Whenever Wisconsin plays Michigan and Michigan State in hockey, it triggers some fond memories for me.
The biggest being Steve Alley’s goal 23 seconds in overtime to give the Badgers a 6-5 win over the Michigan Wolverines at Olympia Stadium in Detroit. That victory not only gave the Badgers their second NCAA Frozen Four Championship, but a school record of 37 wins for the season.
Other thoughts that quickly surface are Amo Bessone and Robbie Moore. Badger fans just loved those two guys.
Moore was a goaltender for Michigan. He liked playing against the Badgers. I can still see him sitting on top of his net dangling his feet and waiving at the crowd while the teams were fighting at the other end of the rink. He also gave his goalie stick to a Badger fan and that did not sit to well with Coach Dan Farrell.
Bessone was the Head Coach at Michigan State.
Defensemen John Sturges, who played for Amo, called him the Godfather. He described him as an old time hockey coach who was not only very loyal to his players, but he did a great job taking the pressure off the team by putting the focus on himself.
The Bessone trademark was a stogie in the mouth and whistling to change lines during a hockey game.
Sturges said Amo had bad knees and sometimes he would sit on a chair by the end of the bench and whistle when he wanted a line change. I asked him if it worked?
John chuckled and said Bessone thought so, but it really didn’t.
When Amo whistled the Badger fans whistled back. Then Mike Leckrone and the Badger Band would get into the act. Mike said all the clarinet players took the mouth pieces off their instruments and the sound they produced was a weird high pitched tone that was meant to confuse the Spartans and Amo’s whistling. At the same time the crowds would chant A-MO...A-MO.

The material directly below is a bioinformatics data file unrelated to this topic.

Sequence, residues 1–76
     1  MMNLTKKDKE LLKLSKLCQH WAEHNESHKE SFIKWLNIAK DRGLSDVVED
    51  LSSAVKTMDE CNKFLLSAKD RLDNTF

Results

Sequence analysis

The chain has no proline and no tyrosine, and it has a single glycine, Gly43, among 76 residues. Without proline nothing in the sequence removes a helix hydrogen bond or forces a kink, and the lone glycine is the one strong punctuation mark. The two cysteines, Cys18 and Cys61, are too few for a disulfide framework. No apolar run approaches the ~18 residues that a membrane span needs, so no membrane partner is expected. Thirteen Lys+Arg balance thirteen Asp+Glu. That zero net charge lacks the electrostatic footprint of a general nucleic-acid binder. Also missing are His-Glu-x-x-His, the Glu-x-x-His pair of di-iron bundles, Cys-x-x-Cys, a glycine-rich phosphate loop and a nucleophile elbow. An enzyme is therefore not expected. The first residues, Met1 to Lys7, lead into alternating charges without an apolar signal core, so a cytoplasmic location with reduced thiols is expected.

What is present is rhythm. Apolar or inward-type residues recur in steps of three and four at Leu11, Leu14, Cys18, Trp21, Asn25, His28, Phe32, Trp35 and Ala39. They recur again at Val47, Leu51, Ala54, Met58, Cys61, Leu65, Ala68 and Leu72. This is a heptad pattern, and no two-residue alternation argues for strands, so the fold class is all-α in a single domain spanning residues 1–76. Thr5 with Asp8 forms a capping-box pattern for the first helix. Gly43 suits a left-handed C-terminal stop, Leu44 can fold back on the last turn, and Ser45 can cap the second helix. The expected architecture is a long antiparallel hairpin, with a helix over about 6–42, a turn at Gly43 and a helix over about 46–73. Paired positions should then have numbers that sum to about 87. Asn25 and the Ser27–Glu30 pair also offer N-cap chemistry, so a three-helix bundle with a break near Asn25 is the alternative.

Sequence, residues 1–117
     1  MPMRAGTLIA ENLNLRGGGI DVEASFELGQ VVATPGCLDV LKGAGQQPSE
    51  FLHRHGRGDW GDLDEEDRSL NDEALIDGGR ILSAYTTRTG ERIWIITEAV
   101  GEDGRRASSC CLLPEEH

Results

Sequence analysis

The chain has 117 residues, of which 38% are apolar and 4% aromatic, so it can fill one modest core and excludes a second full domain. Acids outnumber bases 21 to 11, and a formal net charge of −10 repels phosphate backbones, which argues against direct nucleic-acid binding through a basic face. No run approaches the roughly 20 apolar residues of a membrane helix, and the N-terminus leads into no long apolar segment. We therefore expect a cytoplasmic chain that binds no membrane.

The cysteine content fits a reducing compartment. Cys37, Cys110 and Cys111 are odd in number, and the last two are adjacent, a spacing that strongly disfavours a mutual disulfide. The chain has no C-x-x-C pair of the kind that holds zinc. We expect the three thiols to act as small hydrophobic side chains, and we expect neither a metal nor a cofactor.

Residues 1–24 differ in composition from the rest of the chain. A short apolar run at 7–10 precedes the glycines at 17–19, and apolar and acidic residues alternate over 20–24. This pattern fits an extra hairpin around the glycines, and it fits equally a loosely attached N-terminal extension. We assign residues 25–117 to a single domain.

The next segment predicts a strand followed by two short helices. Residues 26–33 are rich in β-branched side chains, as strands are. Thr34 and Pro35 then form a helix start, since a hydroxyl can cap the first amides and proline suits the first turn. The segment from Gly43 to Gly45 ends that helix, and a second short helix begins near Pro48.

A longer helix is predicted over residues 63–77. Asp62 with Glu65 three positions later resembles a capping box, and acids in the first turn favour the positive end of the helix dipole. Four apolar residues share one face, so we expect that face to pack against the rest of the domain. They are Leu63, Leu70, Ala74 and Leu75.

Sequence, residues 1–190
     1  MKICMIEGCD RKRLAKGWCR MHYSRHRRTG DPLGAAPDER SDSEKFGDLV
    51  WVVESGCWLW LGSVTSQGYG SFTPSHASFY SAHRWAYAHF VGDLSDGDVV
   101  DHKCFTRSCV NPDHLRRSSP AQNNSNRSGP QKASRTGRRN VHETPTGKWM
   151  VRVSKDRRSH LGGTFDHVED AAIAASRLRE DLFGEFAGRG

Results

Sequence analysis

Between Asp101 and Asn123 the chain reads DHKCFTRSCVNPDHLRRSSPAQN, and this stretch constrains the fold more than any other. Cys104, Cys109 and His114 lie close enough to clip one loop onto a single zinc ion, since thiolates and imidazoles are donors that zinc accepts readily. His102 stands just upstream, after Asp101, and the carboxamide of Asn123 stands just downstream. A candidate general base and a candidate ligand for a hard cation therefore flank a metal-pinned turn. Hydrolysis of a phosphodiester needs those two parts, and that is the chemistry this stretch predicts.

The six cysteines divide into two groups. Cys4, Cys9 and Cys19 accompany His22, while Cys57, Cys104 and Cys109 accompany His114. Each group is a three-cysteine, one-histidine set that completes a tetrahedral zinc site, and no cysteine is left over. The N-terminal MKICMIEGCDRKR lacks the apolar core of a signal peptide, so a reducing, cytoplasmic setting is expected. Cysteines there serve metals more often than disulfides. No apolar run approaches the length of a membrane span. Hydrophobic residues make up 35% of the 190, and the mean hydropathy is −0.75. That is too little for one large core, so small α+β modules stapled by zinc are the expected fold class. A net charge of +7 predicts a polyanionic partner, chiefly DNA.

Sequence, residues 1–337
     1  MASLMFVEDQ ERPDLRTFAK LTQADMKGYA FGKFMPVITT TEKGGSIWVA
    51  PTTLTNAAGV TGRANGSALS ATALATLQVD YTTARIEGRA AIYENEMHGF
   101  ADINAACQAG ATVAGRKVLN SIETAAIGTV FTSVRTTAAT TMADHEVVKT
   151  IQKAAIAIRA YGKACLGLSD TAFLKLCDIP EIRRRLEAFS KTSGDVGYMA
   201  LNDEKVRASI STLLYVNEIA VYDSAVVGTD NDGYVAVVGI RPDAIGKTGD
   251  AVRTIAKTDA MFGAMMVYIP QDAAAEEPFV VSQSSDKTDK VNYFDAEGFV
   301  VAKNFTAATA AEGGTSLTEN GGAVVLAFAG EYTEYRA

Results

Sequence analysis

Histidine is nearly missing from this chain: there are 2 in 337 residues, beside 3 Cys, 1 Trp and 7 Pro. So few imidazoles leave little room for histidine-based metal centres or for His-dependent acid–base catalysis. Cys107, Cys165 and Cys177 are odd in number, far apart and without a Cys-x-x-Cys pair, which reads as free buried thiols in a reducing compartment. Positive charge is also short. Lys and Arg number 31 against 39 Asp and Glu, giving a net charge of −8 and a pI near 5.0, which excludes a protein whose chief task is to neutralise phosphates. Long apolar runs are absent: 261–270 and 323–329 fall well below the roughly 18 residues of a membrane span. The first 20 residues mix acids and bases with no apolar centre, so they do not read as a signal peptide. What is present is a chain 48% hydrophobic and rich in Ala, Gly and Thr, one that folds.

Back in those days the public address announcer at the Dane County Coliseum was my former broadcast partner Phil Mendel. Long-time hockey fans will never forget Phil’s dulcet tones and his famous “good evening hockey fans”.
In Bessone’s last year of coaching, Phil convinced Amo to come over to the official’s table and talk with Badger fans on the public address system. Phil did that because Wisconsin fans had sent a lot of letters and cards to Amo after his wife had passed away. Bessone was quoted as saying he was overwhelmed by the feedback and support he received from the Badgers fans.
Some of Phil’s other memories of Bessone were of the coaches' modesty when the team won, his sportsmaship when they lost, his carrying the skate sharpener and sticks to the bus just like the players and his banging a goalie stick on the dasher boards to get the officials attention.
Mendel said that Amo told him his biggest disappointment in 31 years of coaching was that he did not win the WCHA championship. According to Bessone, that was tougher then winning the Spartans first NCAA championship, which his team did in 1966.
At the same time it was not all just showmanship for Amo and Spartans. On the ice, Bessone had one line that may have been the most prolific scoring unit in college hockey history.
The line was Tom Ross, Steve Colp, and Daryl Rice. Those three players alone scored 366 goals and 850 points in their careers at Michigan State. Add in defenseman John Sturges and you had 443 goals and 1,079 points.
As impressive as the point total is, the other astonishing stat was that between those four players alone, they scored more then 200 power-play goals. That’s almost unbelievable.
When I asked Sturges who was the fifth member of the power-play unit, he said it didn’t matter. He said it could have been the hockey manager and we were still going to score.
Sturges, who played the point on the power play, said the key was they worked everything down low and to the left side. Since Colp, Rice, and Sturges were all from Toronto and Ross was from Detroit, they all knew each other. They also knew what to expect from one another when they were on the ice.
Neil Koepke is a Sportswriter for the Lansing State Journal. Today he follows his passion and love of college hockey by writing about Michigan State hockey. Back then he was a writer for the Ann Arbor News and he saw the Spartans play four times a year.
Neil called Bessone a colorful character and a showman who was well respected by other coaches and people in college hockey.
He described Amo’s top line as Armageddon. He said their skill in passing, shooting and handling the puck was amazing. Neal remembers they would just fly into the zone and use their abilities and skills to create great scoring opportunities.
Even though it’s more then 30 years ago, I sill can rattle off the names of Ross, Colp, Rice and Sturges, when I think about great power play units. It’s also fitting that they played for one of the true legends of college hockey - Amo Bessone.